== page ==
Saturday, February 18, 2006

Evolution, Natural Selection, and Our Healthcare System

Healthcare Through the Eyes of Darwin

In Geoffrey A. Moore's recent book, "Dealing with Darwin: How Great Companies Innovate at Every Phase of Their Evolution", he examines a company's or industry's ability to adapt to challenges in the marketplace as a Darwinian exercise in natural selection. As I read this book I couldn't help but ask, "Do the changes we see in our Healthcare System fit into to this type of model?" and "If our Healthcare System is evolving, where does it currently stand?"It is probably just as important to ask, "And what is it evolving into?" Moore contends that innovation is what drives an industry's evolution. He writes, "If you are going to be successful with innovation, you have to understand that different categories (along the life-cycle) reward different types of innovation at different points in time." Those "categories have a beginning, a middle, and an end." Much of his book focuses on technological innovations but he is quick to point out it can also refer to a business model innovation. This is what got me interested because I think we are experiencing a series of innovations that will continue to fundamentally change the face of healthcare.

The Life-Cycle of Innovation

Moore breaks down the category-maturity life cycle of a technological or business model innovation into five categories. They are in order of their appearance in the life cycle: The Technology Adoption or beginning of the innovation followed by The Growth Market, The Mature Market, The Declining Market and The End of Life Market. So how and where does our Healthcare System fit in? I think it begins at the cornerstone of the system. If we think of the Patient-Physician relationship as the core of the established paradigm for delivering healthcare, then the real question is, "Where does this "business model" fit in the category-maturity life cycle?" Some may argue it is in the early phases of the Declining Market but I think it is more likely in the late phase of a Mature Market. As I have suggested in previous posts I believe what we are witnessing is the emergence of a new paradigm for delivering healthcare that is displacing the established paradigm. In accordance with this is the idea that the traditional core of the established paradigm, that is the Patient-Physician relationship will undergo a radical change. If so, then what evidence exists today to suggest this may be happening?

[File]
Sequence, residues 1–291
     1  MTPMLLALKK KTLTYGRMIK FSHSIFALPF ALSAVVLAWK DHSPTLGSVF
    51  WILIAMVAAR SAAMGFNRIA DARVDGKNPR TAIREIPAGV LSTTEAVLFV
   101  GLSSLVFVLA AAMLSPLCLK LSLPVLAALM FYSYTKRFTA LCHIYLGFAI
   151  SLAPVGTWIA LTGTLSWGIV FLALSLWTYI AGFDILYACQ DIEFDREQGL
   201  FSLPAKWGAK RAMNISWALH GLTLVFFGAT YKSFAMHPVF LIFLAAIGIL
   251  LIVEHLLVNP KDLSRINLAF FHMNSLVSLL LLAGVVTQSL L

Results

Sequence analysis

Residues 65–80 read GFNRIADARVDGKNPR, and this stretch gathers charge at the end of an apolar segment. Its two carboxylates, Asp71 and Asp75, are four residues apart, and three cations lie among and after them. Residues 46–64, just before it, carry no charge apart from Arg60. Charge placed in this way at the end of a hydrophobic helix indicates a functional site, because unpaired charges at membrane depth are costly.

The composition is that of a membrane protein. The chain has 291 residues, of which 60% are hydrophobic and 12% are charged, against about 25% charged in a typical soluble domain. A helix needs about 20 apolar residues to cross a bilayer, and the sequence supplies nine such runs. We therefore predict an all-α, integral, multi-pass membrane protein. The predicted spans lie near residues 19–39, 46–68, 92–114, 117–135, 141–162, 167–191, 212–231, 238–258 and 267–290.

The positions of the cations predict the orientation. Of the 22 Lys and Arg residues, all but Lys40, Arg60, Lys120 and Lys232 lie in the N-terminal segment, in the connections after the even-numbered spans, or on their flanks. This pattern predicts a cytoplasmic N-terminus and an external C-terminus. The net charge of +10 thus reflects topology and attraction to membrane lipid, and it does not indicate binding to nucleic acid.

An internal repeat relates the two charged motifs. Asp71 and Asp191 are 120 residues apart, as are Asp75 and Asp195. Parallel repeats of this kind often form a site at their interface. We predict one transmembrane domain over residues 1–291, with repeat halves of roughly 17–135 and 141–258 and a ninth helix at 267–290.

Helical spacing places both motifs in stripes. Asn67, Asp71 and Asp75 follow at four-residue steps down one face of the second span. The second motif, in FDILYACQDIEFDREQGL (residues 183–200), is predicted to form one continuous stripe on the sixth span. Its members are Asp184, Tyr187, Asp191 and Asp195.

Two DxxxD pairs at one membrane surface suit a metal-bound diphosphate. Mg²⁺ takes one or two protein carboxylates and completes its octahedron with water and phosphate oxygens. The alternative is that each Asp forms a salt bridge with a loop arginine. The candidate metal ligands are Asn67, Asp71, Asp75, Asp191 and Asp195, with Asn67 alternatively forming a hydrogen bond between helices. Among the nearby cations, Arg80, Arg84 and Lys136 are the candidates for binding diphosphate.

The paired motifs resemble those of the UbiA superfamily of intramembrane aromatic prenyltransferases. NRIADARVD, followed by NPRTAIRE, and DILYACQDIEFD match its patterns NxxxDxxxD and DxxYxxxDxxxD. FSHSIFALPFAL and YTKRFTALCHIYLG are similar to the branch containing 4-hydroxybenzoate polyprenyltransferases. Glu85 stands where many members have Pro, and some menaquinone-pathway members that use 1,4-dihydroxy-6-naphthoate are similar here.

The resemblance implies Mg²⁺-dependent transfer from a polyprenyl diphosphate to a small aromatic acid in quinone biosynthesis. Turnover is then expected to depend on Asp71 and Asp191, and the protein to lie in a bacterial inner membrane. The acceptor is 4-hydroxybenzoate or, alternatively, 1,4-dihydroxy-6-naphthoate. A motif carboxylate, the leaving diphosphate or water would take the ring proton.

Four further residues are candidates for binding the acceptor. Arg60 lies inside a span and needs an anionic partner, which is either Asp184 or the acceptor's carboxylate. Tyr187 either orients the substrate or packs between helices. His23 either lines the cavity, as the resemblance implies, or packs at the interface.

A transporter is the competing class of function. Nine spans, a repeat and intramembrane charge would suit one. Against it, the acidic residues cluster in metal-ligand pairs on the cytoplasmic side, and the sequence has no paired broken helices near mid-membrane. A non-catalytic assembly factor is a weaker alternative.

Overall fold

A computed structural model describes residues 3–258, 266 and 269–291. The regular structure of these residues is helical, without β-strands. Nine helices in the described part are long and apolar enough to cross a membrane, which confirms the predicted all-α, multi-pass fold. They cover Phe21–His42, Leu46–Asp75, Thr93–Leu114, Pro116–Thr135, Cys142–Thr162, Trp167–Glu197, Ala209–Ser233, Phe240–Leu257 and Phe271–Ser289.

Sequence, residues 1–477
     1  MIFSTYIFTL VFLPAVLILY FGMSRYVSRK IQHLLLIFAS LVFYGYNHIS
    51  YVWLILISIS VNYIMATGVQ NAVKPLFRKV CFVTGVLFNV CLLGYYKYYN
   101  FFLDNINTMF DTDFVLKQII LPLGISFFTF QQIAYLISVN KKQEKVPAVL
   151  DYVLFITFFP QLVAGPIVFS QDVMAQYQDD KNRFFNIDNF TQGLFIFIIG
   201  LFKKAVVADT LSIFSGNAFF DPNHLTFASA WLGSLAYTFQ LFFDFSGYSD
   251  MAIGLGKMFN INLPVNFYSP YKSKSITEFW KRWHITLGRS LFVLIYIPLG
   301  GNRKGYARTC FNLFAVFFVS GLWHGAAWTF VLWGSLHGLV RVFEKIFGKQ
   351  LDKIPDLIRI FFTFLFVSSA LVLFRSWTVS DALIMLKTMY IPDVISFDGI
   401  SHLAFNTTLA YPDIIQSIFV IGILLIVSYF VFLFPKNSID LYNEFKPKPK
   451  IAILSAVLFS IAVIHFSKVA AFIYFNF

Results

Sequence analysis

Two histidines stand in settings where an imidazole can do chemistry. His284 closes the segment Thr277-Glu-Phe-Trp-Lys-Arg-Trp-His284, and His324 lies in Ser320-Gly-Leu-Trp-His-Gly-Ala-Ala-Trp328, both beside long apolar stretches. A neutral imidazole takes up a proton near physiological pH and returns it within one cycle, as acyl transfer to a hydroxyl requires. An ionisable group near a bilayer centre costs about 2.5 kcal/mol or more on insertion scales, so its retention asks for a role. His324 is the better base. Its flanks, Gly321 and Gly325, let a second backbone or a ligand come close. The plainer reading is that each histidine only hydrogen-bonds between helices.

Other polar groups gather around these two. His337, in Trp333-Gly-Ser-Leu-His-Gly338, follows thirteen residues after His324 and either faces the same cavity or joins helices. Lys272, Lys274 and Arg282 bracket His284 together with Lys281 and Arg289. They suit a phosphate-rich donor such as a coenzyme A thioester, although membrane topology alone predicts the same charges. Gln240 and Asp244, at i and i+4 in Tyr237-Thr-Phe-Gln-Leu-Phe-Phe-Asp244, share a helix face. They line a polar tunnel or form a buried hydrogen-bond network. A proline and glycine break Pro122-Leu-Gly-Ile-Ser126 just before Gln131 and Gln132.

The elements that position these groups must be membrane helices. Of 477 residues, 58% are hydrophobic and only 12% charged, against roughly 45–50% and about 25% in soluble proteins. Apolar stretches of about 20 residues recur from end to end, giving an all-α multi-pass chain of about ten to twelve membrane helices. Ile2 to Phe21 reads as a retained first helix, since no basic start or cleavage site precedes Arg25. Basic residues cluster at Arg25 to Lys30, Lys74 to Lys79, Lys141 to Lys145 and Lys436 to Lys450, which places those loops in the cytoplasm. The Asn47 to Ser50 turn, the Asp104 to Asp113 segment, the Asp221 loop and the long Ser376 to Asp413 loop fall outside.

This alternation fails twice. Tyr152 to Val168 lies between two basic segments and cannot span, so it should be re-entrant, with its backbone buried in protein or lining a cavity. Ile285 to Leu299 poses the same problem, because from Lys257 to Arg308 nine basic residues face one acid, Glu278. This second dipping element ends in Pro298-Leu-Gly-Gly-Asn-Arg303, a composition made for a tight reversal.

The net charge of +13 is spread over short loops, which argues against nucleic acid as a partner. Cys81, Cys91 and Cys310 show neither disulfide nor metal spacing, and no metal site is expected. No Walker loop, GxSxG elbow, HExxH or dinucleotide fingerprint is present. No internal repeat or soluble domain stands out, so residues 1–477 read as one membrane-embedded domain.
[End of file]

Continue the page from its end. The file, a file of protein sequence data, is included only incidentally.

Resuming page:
Business Structure

In order to approach this question we first have to understand the type of business architecture we are evaluating. Moore breaks this out in to two major types: The complex-systems architecture and the volume-operations architecture. By definition healthcare tends to be a volume-operations model which are more consumer oriented businesses. The goal is to "generate both volume and a variety of offers" or in this case services. They are "optimized to meet the three basic values of retail markets: price, availability, and selection." Translating that into healthcare that means low cost, easy access, and choice of services that meet the standard of care. Innovative solutions will not only need to address each of these values but do it in a way that fits with the life-cycle category of a maturing market.

Late Phase, Mature Market

In order to address the three basis values of the healthcare market, the system has approached this in a predictable fashion. What makes me think we are in the late phase of a mature market is the emergence of two types of innovations that are characteristic of this phase in this type of market. One addresses "customer intimacy" and the other addresses "operational excellence". According to Moore, a type of customer intimacy innovation seen in the late phase of a Mature Market is referred to as an "experiential innovation". It is the "ultimate refinement ...where the value is based not on differentiating the functionality but rather the experience of the offering." An example I see emerging in the primary care market of our healthcare system is the "boutique medical practice" that is becoming more popular. This is where a primary care physician limits the number of patients in their practice and delivers highly personalized care for each patient at a premium. Patients have 24/7 access to a highly qualified physician but at a cost. While this type of practice cannot be applied to the whole Healthcare System it does carve out a niche that is very functional for both the physician and patient who can afford it.